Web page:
There is Nothing Conventional about Today’s Conventional Palletizers

Conventional palletizers have undergone a technological revolution in the past few years and today offer a level of flexibility that in many respects rivals robotic palletizing cells. These systems offer a host of new capabilities and advantages in addition to flexibility, including high throughput, rapid return on investment, and 99 percent uptime.

Fast changeover and flexibility in terms of pack patterns

Conventional palletizers were originally designed to automate the pallet loading process on lines that had few if any changes in pack patterns. Changeover to a different pack pattern was primarily a manual operation. Today, PLCs and advances in motion control and drive technology, along with touch screen human machine interface (HMI) devices, have fundamentally changed these hard automation systems to flexible ones. Changeover to a host of pack patterns is accomplished in a matter of seconds by calling up a pattern stored on the PLC. Maintenance personnel need not be involved. While these systems are not quite as flexible as robots, they are nearly so, with the advantages of higher throughput, on average faster payback, and smaller footprints.  

Conventional palletizers easily and cost effectively handle 15 to 100 cases a minute. The rule of thumb is that the higher the case rate per minute the faster the payback. Most customers have a return on investment of less than two years. Case rates above 8 to 10 per minute are candidates for moving from manual palletizing to conventional. This is especially true when the cases are in the 15 to 20 pound (6.8 to 9.1 kilogram) range and operations wants to lower on-the-job injuries and workers’ compensation claims.

The boundaries between conventional palletizers and robots

Many customers ask Currie by Brenton how to determine whether a conventional palletizer or a robotic cell is the best option for their application. A robotic cell is ideal for palletizing where a number of low-speed lines converge. The ideal rate on each of these lines is, on average, five to eight cases per minute. A robotic cell in this situation can load single or multiple pallets and pack mixed loads. With an accumulator they can pack more cases per minute by loading a full layer at each pass. Robotic cells typically require a larger footprint than conventional solutions and operations personnel must figure that into the equation.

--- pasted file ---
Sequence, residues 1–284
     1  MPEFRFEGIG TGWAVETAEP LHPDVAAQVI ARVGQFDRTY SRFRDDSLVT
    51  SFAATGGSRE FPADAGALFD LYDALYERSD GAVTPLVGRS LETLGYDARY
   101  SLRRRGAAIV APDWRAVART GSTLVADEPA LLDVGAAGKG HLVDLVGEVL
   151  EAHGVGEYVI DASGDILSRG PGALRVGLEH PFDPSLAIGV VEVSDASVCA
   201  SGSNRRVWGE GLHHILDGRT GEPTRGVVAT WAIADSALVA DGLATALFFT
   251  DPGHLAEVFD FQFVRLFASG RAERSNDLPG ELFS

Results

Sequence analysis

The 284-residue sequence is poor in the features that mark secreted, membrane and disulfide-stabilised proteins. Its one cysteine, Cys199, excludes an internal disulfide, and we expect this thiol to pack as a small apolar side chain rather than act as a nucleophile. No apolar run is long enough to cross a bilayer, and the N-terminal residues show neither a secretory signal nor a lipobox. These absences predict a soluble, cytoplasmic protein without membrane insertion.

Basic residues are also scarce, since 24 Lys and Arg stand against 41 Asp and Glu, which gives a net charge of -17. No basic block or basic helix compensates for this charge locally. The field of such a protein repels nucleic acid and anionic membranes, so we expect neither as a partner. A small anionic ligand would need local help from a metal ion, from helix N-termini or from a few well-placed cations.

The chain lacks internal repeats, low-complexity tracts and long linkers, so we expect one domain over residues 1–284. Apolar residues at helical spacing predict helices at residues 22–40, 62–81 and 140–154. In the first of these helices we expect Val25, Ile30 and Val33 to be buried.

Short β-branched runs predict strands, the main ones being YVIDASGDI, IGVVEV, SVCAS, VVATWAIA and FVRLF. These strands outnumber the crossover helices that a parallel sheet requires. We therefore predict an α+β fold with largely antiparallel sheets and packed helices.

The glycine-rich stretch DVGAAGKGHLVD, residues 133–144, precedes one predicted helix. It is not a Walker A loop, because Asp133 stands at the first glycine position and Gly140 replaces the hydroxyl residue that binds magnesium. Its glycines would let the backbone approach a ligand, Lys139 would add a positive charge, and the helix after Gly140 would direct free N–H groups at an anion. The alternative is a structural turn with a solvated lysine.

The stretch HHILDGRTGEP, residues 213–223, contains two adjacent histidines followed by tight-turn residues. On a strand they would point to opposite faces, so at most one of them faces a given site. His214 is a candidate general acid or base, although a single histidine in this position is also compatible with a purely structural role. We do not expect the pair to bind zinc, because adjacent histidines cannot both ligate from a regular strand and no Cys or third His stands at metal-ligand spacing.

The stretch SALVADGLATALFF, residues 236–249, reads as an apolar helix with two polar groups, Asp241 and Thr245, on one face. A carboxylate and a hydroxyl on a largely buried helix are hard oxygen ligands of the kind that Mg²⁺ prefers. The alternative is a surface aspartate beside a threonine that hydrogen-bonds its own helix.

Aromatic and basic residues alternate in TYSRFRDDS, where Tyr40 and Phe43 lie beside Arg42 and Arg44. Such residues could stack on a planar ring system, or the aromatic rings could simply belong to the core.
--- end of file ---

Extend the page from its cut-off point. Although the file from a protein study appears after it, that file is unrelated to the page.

While every situation is unique, the rule of thumb is the following:

  • For lower speed multiple-line palletizing, investigate a robotic cell by calculating throughput, return on investment, and available space.
  • For moderate to high speed lines, consider conventional palletizers first and determine whether the solution offers the flexibility and return on investment to meet the need.  

Specifying the conventional palletizer for optimum performance and return on investment

Currie by Brenton advises its customers to sit down with a conventional palletizing application engineer and discuss not only the current need, but also potential needs three to five years in the future. The discussion should include current and future:

  • Production rates
  • Primary and secondary packaging
  • Number of lines
  • Traffic patterns at the plant
  • The transportation channel, including cube utilization, pallet types, pull sheet potential, tier sheets, top caps, stretch wrap

This fact gathering is to help the application engineer design a system that has the capability to accommodate change and/or has the hooks built into it that will allow cost effective expansion. Currie by Brenton advises its customers to consider buying a system that can run more cases per minute than the current need because line speeds tend to go up over time. Based on this forward looking effort, the application engineer will be able to present best-case scenarios for either a “low-level” palletizer or a “high-level” palletizer. The high and low designations have more to do with physical configuration than line speeds.